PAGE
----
Have I mentioned that I hate software patents?
Why, yes, I have. Many times.
Im also a realist. Maybe someday, PUBPAT (the Public Patent Foundation) and other patent-reform groups such as the Electronic Freedom Foundations Patent-Busting Project will succeed in getting rid of software patents, but Im not holding my breath.
Even with Microsoft backing some software patent reform, amazing but true, I just cant see significant changes to U.S. patent law happening anytime soon.
And lest we forget, Microsoft isnt exactly the most trustworthy company in the world when it comes to patents.
Just this week, Microsoft announced that a new, integrated IPv4/IPv6 network stack would be in its upcoming Longhorn operating system. At the same time, lawyers for the Public Patent Foundation and the Software Freedom Law Center are concerned over a patent about automatic generation of IP addresses to facilitate simple network connections.
If my network-savvy readers say that sounds a bit like some of the features of IPv6 and DHCP (Dynamic Host Configuration Protocol), well yes it does, doesnt it.
Now, IPv6 isnt that important in North America at this time, but sooner or later, everyone on a TCP/IP network connected with the Internet is going to have to deploy it. Some people, with good reason I think, are concerned that Microsoft might use that patent to try to place a tariff on all programs that access the next generation of the Internet.
This is only part of what many see as a pattern of Microsoft getting ready to retroactively claim IP (intellectual property) rights over many of the Internets basic protocols.
Maybe they are, but Darl McBride, the CEO of The SCO Group, made me think that that may not be the case. We were talking about patents on Tuesday—no, SCO is not getting ready with a surprise patent lawsuit—and he said he didnt think Microsoft would dare use its patents in such a broad way.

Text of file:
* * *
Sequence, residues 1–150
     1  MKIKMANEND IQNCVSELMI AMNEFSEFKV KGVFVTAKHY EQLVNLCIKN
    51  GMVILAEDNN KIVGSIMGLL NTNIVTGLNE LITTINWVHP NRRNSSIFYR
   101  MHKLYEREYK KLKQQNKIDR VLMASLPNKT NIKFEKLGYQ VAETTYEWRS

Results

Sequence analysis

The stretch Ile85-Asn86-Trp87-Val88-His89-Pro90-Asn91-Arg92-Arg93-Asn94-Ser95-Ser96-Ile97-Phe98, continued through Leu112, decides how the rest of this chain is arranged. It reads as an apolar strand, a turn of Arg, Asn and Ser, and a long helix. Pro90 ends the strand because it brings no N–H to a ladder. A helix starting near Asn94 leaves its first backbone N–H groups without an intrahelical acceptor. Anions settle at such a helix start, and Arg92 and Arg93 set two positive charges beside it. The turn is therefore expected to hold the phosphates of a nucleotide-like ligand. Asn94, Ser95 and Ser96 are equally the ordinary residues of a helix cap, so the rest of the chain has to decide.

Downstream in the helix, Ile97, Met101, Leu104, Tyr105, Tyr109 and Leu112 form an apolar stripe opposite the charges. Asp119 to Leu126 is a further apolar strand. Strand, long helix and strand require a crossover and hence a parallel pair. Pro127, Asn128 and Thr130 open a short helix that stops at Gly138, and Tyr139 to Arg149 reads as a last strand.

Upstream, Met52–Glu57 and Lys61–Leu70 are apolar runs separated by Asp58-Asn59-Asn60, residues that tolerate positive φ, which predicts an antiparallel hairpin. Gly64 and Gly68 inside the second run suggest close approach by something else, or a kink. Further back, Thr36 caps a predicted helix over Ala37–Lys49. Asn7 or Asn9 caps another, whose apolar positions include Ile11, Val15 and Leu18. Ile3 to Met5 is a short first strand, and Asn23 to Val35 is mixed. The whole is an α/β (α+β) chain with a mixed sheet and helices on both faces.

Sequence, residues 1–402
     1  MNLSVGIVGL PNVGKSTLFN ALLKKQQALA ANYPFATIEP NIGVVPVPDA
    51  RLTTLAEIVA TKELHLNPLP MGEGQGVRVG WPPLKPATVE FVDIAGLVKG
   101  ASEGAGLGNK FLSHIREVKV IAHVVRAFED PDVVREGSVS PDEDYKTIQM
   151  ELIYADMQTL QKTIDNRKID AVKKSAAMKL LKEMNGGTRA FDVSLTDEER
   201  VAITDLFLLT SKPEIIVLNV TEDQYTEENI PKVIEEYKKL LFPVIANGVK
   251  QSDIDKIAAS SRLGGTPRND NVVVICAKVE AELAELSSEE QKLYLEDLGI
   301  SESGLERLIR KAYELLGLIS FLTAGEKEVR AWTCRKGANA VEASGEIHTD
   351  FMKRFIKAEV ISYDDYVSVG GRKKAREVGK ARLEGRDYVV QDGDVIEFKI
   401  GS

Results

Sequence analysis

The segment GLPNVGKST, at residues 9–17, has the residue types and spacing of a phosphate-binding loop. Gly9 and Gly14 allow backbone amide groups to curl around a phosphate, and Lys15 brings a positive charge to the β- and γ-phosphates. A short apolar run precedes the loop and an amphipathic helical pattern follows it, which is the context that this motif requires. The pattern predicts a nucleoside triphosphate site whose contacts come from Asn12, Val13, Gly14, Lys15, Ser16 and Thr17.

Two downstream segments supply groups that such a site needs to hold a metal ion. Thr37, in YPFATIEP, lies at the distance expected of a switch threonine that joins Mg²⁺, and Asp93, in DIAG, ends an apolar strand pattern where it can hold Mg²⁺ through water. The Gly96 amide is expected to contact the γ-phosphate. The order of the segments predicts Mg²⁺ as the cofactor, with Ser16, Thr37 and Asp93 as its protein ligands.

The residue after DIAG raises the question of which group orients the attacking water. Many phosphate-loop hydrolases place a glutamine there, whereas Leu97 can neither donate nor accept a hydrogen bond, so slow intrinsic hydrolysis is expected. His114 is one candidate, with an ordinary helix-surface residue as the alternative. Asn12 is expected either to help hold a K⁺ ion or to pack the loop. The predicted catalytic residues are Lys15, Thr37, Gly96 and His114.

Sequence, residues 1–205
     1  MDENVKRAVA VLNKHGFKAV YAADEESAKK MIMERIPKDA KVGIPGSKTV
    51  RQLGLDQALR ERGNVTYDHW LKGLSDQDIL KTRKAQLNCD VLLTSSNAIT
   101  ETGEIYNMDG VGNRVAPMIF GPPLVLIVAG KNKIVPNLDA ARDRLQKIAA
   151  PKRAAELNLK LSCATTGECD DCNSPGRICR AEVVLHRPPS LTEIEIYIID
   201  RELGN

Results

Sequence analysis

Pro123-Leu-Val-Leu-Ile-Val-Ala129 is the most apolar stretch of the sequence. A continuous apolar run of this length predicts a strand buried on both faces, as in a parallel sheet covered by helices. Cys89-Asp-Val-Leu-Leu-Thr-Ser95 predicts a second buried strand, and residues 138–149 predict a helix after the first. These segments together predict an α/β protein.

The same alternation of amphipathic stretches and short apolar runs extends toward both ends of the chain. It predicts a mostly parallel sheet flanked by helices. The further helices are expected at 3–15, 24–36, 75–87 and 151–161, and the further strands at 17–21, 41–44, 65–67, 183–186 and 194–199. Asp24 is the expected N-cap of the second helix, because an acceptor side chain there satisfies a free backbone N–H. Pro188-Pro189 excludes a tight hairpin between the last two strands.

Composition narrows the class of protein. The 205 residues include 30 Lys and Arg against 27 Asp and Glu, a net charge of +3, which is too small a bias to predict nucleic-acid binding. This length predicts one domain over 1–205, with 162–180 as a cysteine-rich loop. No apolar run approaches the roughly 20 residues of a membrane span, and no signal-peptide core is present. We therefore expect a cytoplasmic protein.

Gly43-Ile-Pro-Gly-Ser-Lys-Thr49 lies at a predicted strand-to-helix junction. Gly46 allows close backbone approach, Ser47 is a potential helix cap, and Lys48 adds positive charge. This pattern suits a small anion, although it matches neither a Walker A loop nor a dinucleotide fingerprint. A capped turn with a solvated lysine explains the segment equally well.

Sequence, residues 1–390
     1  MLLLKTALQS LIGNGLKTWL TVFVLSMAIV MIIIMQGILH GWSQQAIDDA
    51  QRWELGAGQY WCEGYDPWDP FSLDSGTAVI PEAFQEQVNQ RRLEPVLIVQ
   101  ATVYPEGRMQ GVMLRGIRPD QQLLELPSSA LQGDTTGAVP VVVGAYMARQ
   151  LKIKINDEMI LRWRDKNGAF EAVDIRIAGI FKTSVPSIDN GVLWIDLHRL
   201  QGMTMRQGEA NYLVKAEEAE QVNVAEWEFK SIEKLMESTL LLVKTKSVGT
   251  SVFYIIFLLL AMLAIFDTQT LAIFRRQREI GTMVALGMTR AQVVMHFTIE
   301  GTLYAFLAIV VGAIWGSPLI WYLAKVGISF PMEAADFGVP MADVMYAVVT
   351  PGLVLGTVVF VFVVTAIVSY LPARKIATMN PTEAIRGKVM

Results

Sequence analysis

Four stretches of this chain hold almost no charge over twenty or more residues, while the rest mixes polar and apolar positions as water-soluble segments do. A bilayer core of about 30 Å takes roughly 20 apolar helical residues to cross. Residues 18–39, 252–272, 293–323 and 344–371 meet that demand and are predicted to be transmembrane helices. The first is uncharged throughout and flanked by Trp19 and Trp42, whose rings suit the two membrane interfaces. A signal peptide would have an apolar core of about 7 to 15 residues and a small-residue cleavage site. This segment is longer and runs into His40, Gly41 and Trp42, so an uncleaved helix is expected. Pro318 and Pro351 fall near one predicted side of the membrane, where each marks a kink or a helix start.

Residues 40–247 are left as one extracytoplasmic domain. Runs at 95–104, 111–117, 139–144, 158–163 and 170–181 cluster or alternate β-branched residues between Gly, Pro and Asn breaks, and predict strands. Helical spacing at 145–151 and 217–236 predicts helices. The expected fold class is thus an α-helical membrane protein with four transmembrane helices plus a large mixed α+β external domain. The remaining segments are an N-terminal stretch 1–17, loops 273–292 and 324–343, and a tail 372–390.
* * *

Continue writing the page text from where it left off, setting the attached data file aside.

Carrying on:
His logic was that the technology world is a lot like the world situation of the 50s through the 80s, when the Soviet Union and the United States never went to outright war with each other because of the cynical but all too practical notion of MAD (mutually assured destruction).
In a nutshell, the policy of MAD was that things could never get too ugly between the United States and the Soviet Union because if one of us went too far, the other could bomb it into the stone age … and vice-versa.
How that applies to todays computing world is that if Microsoft started really throwing its patent weight around, IBM or Novell could retaliate in kind. Thus, if any one company tried to really strangle a large part of the market with an overly aggressive patent enforcement, they would be blasted by other companies with large patent portfolios. The end result would be that all of the companies involved would be locked into a software development doomsday, where nothing could be developed.
This isnt just idle speculation. After talking with McBride, I contacted several other people. Both a senior Novell executive and a prominent open-source attorney told me that if Microsoft ever tries to push too hard with its patents, other companies are more than ready to counter-attack with their own patent portfolios.
Lets take this analogy a little further. The peaceful coexistence based on MAD between the Soviets and the Americans meant that we didnt see World War III. We did, however, see lots of brushfire wars in Afghanistan, Angola and Vietnam.
Thus, just because the big companies may never go too far with their patents with each other and worldwide technologies such as the Internet doesnt mean that smaller companies or open-source developers wont be attacked. They will be.
Of course, as the good people at Black Duck Software will tell you, a patent holder doesnt actually have to sue you for a violation. Just the mere threat is enough to stop a company from developing or marketing a program if it doesnt have the legal protection or deep pockets needed to fight a patent battle in the courts.
So, while I now think that were unlikely to see any truly broad attempts to abuse software patents, I still believe that software patents are bad in general and that, in specific, small companies and open-source developers are still vulnerable to the bullying of software-patent superpowers.